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The government safety net was created to catch and care for the poorest Americans, but it's becoming increasingly more common for middle-class and even upper-class people to collect benefits.

Take, for example, Ki Gulbranson, a Minnesota small-business owner who is bringing in $39,000 a year. He's a critic of government entitlement programs, he told The New York Times. But for the past three years, the 57-year-old collected several thousand dollars from the federal government in the form of an earned-income tax credit. His three school-age children eat breakfast and lunch on the government's dime. And through the Medicare program, the government has picked up the bill for his mother, 88, to have hip surgery twice.

Middle-class Americans represent 60 percent of the population and collect 58 percent of government benefits, according to an analysis of federal budget and census data conducted by the Center on Budget and Policy Priorities. The richest 20 percent of the population collects 10 percent of entitlement dollars. The poorest 20 percent of the population collects 32 percent.

Contrary to popular belief, the jobless poor receive just a small portion of the benefits the government is doling out.

In 2010, 91 percent of the benefit dollars from entitlement and other mandatory programs went to the elderly, the seriously disabled and members of working households, according to the study. Of the remaining 9 percent, 7 percent collected benefits for medical care, unemployment insurance benefits and Social Security benefits.

"Over time, we find that expenditures have shifted toward the disabled and the elderly and away from those with the lowest incomes and toward those with higher incomes," observed the authors of a recent study by the National Bureau of Economic Research.

The trend is a reflection of the deteriorating state of the middle class. About 45 percent of U.S. residents who are not considered poor by federal standards don't have enough money for basic expenses like housing, food and health care, according to a recent study from the advocacy group Wider Opportunities for Women.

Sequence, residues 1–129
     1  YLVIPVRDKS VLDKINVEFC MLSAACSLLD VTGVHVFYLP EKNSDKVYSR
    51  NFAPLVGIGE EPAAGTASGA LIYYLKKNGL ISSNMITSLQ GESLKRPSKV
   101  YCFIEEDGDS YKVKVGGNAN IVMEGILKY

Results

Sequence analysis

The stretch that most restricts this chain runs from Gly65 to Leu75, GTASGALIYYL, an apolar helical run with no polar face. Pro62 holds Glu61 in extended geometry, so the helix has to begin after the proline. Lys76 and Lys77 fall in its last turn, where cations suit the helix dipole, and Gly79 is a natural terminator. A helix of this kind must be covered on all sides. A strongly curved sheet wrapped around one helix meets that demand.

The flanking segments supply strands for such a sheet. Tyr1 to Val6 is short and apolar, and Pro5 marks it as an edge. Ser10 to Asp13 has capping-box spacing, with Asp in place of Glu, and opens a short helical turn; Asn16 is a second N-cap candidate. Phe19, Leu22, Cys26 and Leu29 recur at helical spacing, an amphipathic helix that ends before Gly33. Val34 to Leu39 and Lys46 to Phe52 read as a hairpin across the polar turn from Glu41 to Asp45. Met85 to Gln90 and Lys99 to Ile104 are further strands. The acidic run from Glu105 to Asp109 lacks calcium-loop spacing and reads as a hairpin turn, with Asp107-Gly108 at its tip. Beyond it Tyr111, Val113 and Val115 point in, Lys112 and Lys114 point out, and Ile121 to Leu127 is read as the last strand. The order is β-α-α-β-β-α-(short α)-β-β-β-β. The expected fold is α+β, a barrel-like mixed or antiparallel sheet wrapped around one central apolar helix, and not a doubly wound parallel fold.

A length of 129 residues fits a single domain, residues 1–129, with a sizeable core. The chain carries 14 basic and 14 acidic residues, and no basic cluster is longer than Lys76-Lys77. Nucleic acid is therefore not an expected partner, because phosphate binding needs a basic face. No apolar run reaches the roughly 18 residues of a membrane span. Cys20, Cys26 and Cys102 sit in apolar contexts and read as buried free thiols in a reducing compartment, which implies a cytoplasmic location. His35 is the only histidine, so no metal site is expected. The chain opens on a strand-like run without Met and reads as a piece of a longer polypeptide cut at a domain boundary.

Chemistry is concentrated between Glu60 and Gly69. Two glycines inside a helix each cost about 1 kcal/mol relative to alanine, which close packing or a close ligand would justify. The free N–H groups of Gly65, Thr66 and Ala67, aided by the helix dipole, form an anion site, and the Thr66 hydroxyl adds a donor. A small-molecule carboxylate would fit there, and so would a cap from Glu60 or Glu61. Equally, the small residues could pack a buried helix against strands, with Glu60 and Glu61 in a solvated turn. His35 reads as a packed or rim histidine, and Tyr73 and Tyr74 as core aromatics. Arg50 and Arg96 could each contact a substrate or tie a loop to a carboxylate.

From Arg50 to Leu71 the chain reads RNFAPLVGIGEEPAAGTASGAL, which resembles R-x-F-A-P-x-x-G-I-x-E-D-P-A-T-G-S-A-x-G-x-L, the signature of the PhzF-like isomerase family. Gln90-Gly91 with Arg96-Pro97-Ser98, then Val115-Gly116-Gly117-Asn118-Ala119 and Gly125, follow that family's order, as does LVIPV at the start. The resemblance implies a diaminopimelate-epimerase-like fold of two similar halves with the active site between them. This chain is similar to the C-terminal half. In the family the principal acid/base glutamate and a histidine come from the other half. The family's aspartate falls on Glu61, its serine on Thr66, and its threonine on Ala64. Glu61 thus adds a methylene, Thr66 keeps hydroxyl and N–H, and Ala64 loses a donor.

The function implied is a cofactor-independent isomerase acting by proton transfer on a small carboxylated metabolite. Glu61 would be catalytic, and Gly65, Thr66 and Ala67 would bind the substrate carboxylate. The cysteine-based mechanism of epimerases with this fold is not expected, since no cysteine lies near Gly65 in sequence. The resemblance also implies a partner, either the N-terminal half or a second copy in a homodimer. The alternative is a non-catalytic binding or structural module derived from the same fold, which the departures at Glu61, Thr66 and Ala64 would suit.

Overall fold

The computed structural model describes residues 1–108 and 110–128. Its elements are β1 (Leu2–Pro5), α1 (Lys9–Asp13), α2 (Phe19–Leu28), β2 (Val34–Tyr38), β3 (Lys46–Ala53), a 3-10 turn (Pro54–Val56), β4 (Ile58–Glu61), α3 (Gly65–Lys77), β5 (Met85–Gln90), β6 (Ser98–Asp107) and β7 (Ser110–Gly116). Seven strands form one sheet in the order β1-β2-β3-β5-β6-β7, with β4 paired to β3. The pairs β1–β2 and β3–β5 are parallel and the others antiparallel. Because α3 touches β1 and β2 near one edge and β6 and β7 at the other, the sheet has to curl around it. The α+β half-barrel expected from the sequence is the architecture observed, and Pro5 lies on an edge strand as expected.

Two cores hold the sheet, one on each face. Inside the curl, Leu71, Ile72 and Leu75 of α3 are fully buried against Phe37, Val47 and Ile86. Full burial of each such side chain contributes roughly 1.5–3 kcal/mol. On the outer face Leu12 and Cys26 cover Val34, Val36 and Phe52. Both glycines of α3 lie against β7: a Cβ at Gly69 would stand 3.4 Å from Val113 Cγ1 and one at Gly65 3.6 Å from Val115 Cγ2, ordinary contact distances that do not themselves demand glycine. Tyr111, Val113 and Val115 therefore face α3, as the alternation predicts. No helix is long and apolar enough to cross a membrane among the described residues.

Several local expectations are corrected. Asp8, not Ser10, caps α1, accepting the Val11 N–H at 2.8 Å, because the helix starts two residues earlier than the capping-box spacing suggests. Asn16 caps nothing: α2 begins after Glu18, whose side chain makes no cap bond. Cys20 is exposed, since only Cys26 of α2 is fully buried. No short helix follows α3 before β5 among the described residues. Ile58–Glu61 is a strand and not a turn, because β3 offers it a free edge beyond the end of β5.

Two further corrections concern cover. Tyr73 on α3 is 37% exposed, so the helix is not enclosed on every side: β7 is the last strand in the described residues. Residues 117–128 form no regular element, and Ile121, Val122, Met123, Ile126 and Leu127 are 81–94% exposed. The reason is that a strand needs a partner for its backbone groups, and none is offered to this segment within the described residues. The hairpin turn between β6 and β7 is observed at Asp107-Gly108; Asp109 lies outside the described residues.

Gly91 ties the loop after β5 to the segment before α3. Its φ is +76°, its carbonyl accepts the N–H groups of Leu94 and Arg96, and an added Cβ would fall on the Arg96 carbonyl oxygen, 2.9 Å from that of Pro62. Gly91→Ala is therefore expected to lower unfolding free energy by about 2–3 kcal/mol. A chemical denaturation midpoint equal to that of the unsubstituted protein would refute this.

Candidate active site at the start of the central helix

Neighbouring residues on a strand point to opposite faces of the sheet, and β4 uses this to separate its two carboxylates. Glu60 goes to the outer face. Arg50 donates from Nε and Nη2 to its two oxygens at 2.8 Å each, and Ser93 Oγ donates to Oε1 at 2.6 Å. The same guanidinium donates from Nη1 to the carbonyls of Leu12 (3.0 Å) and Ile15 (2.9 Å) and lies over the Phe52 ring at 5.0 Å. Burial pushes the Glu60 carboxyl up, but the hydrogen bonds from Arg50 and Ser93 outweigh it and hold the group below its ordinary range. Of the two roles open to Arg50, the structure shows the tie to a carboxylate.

The country's economic troubles, though, aren't the only factor. The increasing percentages of working Americans who collect benefits can also be attributed, in part, to the welfare reform in the 1980s and 1990s, according to the Center on Budget and Policy Priorities. To qualify for government cash assistance, a person must work between 30 and 40 hours a week. These hours can be fulfilled through a traditional job, community service or vocational training.

More middle- and upper-class families may also be collecting money because, in recent years, it has become easier to qualify for government benefits, according to Casey B. Mulligan, an economics professor at the University of Chicago.

When the earned-income credit was introduced in 1975, for example, a family had to earn less than the current equivalent of $26,997 to qualify. Now, families can make as much as $49,317 and still collect.

"In most states, having assets is no longer a barrier to receiving food stamps," Mulligan wrote in a column for The New York Times. "That's the main reason that participation in the program increased 37 percent more than the number of families with income near or below the poverty line."

Fifty-three percent of Americans say they are concerned "the government taxes workers too much to fund programs for people who could get by without help," according to a new National Journal poll. But when asked what programs should be cut, large majorities said Social Security, Medicare and Medicaid should not be cut at all. More than half don't believe food stamps and housing vouchers for low-income families should be cut.

"As a country, we haven't come to grips with the society we have become — and how to pay for it," wrote Jonathan Cohn of The New Republic.

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